Montana is the first state to accept 3D printing of walls
Montana has become the first state to grant broad regulatory approval for the use of walls made by 3D printing, also known as additive manufacturing, in building construction.
Montana building regulators have approved 3D-printed walls as a replacement for walls fabricated using concrete masonry units (CMUs) or standard core concrete blocks. The approval was granted in response to a request from a housing contractor in Billings, the state’s largest city.
Tim Stark, who filed the application, will use Florida-based Apis Cor’s 3D printing system to complete a single-family housing project in the city.
“The need for safe, quality affordable housing is great throughout Montana, and this approval puts Montana at the forefront of innovative housing construction technologies nationwide,” said Laurie Esau, Commissioner of the Montana Labor and Industry, in a statement.
Apis Cor’s 3D-printed building construction system features a robotic pump and extruder that can build walls nine times faster than traditional construction methods while reducing costs by more than 30%, according to the website. of the company.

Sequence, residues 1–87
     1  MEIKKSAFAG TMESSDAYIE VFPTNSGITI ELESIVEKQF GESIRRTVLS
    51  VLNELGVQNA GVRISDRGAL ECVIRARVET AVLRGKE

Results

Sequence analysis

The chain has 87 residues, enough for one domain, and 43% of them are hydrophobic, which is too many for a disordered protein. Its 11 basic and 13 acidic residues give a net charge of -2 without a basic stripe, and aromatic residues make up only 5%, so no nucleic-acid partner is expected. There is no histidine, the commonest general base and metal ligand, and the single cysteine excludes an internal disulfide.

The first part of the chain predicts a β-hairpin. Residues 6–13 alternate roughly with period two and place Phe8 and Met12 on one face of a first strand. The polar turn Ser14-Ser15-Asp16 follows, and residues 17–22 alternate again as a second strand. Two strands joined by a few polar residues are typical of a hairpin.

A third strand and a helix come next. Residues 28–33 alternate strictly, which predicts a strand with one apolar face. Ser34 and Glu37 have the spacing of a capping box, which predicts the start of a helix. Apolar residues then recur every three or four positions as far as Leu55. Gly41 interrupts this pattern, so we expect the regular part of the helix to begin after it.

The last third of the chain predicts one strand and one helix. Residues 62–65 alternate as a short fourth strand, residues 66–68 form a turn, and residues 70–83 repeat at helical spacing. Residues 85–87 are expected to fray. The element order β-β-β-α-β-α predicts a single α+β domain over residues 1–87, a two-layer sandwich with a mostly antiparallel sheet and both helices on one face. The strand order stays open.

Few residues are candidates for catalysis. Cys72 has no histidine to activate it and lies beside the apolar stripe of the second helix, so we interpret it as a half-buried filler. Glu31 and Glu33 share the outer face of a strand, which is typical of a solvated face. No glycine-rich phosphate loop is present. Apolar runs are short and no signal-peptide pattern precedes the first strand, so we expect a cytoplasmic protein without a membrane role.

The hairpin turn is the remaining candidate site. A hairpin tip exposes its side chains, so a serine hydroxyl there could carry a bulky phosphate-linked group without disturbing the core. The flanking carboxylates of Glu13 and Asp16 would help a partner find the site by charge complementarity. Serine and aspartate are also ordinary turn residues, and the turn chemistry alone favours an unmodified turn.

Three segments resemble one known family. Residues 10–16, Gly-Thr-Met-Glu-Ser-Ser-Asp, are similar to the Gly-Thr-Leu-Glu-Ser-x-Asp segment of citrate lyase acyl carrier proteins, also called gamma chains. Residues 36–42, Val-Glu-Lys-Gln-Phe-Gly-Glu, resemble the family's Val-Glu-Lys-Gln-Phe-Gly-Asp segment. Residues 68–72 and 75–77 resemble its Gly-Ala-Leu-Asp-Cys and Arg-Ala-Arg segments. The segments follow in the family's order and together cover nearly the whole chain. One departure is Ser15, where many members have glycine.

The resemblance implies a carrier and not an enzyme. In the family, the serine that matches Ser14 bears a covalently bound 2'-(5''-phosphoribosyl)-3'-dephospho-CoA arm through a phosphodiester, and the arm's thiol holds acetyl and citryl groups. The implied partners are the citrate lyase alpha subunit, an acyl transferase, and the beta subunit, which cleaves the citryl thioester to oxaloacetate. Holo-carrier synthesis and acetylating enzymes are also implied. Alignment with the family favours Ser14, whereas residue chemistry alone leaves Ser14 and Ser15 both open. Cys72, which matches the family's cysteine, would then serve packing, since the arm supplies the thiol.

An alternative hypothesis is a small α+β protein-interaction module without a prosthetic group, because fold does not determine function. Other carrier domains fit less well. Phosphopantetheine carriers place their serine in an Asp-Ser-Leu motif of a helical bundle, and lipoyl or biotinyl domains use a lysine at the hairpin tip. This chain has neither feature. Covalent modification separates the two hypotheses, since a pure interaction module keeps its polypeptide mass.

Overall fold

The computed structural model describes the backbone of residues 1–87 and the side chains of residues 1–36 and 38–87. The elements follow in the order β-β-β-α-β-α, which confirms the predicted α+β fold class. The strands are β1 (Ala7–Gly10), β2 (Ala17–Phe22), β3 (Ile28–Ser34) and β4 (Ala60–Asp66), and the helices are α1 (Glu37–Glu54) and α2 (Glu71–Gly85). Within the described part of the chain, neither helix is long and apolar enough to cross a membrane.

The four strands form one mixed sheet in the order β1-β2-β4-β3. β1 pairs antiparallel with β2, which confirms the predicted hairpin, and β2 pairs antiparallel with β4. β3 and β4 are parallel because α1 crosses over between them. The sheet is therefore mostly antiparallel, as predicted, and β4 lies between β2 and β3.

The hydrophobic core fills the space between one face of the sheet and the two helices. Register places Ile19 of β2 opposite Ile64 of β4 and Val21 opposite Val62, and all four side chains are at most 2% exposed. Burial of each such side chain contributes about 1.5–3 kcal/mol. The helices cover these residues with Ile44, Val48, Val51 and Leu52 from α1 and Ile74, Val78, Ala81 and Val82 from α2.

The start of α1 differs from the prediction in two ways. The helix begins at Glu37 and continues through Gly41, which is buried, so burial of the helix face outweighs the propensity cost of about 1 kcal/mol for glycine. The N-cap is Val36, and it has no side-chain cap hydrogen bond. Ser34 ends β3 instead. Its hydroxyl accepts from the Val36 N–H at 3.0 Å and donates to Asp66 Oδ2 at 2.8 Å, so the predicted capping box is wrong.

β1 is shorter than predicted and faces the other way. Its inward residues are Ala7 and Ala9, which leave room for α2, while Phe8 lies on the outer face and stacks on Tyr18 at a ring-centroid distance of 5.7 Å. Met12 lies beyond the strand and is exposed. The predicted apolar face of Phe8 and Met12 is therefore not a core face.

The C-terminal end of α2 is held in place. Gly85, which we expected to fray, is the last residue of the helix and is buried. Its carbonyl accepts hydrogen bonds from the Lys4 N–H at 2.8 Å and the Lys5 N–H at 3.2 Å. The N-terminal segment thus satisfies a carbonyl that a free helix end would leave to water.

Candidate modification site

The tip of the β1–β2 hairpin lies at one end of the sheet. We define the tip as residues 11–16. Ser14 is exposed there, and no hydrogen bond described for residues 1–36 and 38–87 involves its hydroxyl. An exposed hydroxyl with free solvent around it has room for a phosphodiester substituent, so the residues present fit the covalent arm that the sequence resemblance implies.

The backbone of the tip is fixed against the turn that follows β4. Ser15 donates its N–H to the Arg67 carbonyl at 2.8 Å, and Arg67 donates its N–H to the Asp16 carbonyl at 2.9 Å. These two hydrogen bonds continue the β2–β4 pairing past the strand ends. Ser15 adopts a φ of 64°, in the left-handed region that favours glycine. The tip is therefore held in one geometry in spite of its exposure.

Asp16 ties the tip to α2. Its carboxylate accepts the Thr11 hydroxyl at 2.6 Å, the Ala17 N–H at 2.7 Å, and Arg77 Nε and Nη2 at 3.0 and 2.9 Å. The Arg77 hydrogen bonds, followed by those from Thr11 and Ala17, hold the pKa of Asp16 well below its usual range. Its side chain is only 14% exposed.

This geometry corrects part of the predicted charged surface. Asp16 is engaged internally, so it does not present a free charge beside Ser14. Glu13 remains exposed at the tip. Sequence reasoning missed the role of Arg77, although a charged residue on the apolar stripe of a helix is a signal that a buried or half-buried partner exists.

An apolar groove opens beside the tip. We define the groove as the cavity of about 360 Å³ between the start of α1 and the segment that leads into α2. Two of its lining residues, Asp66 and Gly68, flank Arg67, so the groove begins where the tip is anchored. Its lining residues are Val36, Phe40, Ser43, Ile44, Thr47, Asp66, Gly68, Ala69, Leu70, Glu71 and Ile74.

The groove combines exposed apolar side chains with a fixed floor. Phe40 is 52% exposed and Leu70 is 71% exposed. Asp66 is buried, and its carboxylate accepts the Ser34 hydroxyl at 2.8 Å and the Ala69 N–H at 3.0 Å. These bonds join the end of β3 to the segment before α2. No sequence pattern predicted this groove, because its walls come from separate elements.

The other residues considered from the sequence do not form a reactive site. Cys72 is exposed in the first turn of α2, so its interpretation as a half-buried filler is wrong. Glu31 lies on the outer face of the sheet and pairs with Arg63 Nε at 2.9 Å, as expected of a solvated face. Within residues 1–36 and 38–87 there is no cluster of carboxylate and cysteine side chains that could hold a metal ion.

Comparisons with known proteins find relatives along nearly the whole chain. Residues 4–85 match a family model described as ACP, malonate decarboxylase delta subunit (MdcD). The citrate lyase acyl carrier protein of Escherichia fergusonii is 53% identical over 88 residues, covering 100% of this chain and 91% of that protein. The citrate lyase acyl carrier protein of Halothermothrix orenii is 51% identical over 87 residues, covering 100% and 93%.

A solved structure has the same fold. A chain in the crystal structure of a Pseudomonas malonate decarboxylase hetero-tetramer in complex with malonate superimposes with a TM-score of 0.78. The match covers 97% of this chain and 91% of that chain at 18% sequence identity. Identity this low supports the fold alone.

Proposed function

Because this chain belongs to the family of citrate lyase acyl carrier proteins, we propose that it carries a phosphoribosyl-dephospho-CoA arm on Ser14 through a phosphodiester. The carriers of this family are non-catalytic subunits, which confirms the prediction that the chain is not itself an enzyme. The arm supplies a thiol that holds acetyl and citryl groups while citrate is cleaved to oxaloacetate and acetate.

Building materials – a sand-cement mixture with additives such as geopolymers and gypsum – are fed into the extruder through a vacuum-sealed mobile silo.
Montana regulators reviewed data from the tests — submitted by Stark in its application — conducted by an independent third-party lab in Boston and at the University of Connecticut’s Civil and Environmental Engineering School. The National Fire Protection Association published specifications that were used as the basis for the Boston lab tests.
Satisfied that walls constructed with Apis Cor’s system and materials meet design, engineering, and fire safety standards set forth in Montana’s building code, state officials have given broad regulatory approval for their use in all constructs that follow the code.
Apis Cor, which has built several pilot projects in the United States and the United Arab Emirates, states on its website that its 3D printing system is the only one of its kind to comply with international building codes.
“Having this clear support from the State of Montana paves the way for faster decisions at the county level, which will make it easier for developers to move forward with their 3D printed housing projects,” said the CEO of Apis, Anna Cheniuntai, in a statement.
The company, founded in 2014, opened its first 3D-printed in-home showroom in Florida earlier this year and began offering publicly traded stocks in the United States through a regulation A+ offering sanctioned by the US. DRY.
Apis Cor is currently working on two projects to introduce affordable housing in Florida and North Carolina made using 3D printing. The company works with Struggle for Miami’s Affordable and Sustainable Housing, an organization known by its acronym SMASH, and Eden Village Wilmington.